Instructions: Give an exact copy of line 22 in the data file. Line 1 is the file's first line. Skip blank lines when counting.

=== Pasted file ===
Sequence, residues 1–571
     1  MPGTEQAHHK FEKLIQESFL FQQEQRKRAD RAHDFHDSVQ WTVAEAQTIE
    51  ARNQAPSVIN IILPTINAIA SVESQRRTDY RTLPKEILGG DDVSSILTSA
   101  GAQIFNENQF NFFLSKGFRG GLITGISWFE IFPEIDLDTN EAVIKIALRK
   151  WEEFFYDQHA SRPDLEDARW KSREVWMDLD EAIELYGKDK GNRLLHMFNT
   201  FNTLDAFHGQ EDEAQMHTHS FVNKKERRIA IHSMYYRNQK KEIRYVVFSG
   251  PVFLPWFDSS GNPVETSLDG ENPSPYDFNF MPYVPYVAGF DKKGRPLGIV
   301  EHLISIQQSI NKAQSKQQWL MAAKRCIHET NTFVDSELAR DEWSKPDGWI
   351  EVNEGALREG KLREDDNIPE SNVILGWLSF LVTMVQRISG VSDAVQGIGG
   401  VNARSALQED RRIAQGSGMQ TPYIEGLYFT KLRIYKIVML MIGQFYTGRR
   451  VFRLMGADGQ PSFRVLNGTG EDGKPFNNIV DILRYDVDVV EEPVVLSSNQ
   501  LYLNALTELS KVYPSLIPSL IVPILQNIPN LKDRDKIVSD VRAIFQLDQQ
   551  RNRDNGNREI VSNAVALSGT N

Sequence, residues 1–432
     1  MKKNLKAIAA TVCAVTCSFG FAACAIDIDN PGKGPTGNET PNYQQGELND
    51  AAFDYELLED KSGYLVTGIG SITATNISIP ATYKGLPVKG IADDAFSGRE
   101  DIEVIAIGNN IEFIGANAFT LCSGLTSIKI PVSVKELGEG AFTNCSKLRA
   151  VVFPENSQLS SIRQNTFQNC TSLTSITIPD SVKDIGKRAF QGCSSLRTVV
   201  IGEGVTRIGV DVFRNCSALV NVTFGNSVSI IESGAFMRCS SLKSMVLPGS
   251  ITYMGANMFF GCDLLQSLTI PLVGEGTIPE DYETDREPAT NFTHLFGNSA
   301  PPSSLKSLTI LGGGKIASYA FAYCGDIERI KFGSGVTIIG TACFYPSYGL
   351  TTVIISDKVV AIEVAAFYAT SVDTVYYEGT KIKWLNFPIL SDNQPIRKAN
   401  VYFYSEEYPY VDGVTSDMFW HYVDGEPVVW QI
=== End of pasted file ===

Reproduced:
   351  TTVIISDKVV AIEVAAFYAT SVDTVYYEGT KIKWLNFPIL SDNQPIRKAN